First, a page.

Weather Underground Forecast for Saturday, Nov. 12, 2011.
More rain and snow was expected to persist in the West, while the East remained quiet on Saturday. Two weather features over the Western U.S. were expected to bring more precipitation to the region. To the south, a low pressure system spinning off the coast of California continued to move southward, remaining just offshore. However, flow around this system expected to continue pushing cool and moist air onshore, allowing for scattered showers to develop along the coastal regions. Only light showers were anticipated in the interiors, while light snow may persist in the Sierras. Meanwhile to the north, a trough of low pressure expected to quickly advance southeastward from the Pacific Northwest and into the Northern Rocky Mountains. Moderate to heavy snow showers were expected in addition to strong winds across Idaho, Montana, and Wyoming. Snowfall accumulation was expected to range from four to eight inches, up to a foot at highest mountain peaks. With strong wind gusts from 30 to 40 mph, dangerous travel conditions were expected, especially at high mountain passes. Caution should be used on the roads.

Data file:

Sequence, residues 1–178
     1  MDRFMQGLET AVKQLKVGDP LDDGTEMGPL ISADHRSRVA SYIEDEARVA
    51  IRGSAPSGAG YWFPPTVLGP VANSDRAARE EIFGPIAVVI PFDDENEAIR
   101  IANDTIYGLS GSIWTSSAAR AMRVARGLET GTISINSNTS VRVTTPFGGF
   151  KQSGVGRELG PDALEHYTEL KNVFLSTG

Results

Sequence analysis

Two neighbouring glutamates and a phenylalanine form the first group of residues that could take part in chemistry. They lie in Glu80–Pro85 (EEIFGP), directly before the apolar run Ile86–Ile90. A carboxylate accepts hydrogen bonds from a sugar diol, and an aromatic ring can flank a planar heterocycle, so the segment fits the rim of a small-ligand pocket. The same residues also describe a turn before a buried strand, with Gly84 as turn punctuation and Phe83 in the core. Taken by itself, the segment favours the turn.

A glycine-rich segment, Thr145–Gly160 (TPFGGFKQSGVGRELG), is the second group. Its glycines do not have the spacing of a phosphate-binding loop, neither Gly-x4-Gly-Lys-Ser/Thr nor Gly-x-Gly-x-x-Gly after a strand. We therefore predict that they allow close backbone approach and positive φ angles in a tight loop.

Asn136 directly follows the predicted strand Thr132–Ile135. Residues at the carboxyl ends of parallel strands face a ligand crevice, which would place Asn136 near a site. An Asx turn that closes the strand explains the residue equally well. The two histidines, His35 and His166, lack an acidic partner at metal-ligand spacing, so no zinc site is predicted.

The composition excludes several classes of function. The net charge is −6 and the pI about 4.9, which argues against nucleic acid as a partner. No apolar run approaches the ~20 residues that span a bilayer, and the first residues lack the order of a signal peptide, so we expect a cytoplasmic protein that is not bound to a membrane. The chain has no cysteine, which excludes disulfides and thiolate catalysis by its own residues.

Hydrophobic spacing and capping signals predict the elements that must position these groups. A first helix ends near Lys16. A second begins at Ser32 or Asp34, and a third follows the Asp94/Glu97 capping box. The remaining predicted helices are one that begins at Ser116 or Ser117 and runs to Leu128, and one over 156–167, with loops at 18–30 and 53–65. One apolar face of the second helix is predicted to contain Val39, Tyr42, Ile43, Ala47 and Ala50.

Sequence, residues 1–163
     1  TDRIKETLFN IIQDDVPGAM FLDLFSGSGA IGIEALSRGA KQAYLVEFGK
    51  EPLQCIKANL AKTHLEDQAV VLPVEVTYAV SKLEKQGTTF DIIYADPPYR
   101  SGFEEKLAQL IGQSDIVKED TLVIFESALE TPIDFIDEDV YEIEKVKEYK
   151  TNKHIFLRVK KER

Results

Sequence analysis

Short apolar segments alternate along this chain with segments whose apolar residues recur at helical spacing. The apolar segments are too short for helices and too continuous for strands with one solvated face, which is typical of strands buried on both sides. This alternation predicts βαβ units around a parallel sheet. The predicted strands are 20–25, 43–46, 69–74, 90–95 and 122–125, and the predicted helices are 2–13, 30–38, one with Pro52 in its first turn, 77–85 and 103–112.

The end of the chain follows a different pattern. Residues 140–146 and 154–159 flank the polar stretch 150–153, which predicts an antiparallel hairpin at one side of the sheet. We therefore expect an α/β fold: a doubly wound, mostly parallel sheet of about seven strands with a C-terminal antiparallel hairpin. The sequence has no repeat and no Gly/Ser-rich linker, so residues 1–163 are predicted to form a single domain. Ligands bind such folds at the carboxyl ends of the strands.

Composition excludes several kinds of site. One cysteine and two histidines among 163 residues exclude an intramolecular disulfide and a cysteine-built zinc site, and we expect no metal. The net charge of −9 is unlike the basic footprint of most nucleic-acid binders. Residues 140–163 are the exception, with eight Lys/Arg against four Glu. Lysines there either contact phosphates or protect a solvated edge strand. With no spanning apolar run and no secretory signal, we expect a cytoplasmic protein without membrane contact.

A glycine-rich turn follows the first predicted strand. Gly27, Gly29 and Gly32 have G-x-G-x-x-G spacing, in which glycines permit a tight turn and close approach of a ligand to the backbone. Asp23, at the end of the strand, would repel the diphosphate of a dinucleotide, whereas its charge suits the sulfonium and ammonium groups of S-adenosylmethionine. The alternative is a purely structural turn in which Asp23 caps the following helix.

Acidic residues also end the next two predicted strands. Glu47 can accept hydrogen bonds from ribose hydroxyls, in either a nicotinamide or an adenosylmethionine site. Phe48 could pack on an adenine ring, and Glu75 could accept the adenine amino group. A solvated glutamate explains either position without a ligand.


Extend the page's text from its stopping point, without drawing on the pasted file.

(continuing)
In the East, a low pressure system in eastern Canada was expected to move further eastward and away from the region. The Great Lakes was expected to start drying out as lake effect rain and snow showers diminished. High pressure over the Plains was expected to slide eastward, bringing more dry and cool air into the East. However, plenty of daytime sunshine was expected to allow for a gradual warming trend. The Southeast and Lower Mississippi River Valley was expected to see slightly warmer temperatures, with highs reaching into the mid-60s.
The Northeast and Great Lakes were expected to see highs in the mid-50s. Temperatures in the Lower 48 states Friday ranged from a morning low of 1 degree at West Yellowstone, Mont. to a high of 88 degrees at Fort Stockton, Texas